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May 16, 1963

Memorandum of a Conversation with the USSR Ambassador to the DPRK c. V.P. Moskovskyi.

MINISTRY OF FOREIGN AFFAIRS                                                                                         In Prague on 5/16/1963



file 003786/63-7


Mailing of a conversation record.

Attachment:  1


For your information, we attached a recorded conversation of the Cs. Ambassador in the DPRK c. Moravec with the USSR Ambassador c. Moskovskyi. For completeness we add that the family name of the MPR Ambassador, mentioned in the record, is Dorge and not Batyn, as he is erroneously referred to.



Head of department

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The Ministry of Foreign Affairs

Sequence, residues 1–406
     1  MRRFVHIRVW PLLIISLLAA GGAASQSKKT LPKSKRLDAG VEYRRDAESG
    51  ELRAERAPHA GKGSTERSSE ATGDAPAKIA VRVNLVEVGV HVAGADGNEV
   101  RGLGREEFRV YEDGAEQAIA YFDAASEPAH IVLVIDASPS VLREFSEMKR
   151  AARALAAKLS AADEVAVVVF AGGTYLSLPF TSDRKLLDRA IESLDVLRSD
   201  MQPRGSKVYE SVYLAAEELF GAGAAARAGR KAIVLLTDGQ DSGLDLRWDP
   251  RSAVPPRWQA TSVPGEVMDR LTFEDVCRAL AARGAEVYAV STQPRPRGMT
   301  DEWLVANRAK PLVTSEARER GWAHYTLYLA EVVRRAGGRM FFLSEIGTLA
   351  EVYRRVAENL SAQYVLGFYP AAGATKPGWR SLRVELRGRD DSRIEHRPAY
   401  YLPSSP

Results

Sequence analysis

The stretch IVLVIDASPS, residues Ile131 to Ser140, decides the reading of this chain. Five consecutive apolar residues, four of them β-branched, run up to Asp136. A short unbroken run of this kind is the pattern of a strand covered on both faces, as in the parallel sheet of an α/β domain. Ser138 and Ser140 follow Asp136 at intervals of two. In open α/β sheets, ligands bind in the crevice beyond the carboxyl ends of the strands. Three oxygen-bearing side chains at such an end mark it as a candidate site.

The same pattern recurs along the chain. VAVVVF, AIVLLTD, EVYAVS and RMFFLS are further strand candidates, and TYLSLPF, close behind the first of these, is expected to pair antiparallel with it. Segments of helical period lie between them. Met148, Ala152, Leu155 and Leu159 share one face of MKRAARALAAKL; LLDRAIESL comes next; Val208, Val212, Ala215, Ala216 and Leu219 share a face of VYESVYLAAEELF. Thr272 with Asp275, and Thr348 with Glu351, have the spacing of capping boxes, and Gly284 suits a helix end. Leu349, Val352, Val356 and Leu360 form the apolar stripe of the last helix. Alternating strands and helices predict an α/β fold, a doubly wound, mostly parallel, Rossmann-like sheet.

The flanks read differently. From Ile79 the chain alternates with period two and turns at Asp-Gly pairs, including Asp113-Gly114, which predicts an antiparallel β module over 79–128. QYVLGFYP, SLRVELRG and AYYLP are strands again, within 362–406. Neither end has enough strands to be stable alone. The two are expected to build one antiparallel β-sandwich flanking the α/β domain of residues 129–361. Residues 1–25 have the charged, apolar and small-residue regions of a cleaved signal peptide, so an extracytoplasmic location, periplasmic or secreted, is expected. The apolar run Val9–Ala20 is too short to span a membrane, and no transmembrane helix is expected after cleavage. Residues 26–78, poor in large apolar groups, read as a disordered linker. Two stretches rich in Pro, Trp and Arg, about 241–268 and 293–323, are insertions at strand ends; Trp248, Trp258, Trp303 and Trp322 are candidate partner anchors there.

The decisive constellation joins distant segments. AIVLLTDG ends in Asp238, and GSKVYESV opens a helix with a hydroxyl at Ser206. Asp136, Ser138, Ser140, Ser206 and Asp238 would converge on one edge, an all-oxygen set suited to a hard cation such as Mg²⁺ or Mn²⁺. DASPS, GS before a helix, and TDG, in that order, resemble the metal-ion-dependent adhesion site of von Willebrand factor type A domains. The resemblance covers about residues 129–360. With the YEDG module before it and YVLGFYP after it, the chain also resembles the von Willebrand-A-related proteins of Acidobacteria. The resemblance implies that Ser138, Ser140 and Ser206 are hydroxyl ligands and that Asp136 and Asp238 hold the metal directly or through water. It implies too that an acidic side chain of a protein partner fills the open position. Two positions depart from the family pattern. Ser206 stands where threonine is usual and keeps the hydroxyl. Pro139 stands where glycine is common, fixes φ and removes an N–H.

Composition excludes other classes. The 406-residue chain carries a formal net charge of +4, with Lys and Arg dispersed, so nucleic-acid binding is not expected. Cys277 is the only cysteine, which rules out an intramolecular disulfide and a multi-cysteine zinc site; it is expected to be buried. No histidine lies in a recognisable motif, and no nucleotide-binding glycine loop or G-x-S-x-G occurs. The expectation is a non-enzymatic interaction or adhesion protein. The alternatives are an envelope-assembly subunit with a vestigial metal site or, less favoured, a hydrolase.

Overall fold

7th Territorial Department

P r a g u e


Memorandum of a conversation with the USSR

Ambassador to the DPRK c. V.P. Moskovskyi.


The USSR Ambassador to the DPRK c. V.P. Moskovskyi visited me on 29th April 1963. He informed me Soviet comrades are aware that the KWP CC called a meeting of the leadership of the KWP CC and the State Administration, which took place in Pyongyang from April 26th to April 28th under the chairmanship of c. Kim Chang-man [Kim Chang Man], second Deputy to the KWP CC Chairman. There were 2 discussions on the agenda of this meeting:


  1. Current international situation
  2. KWP foreign policy.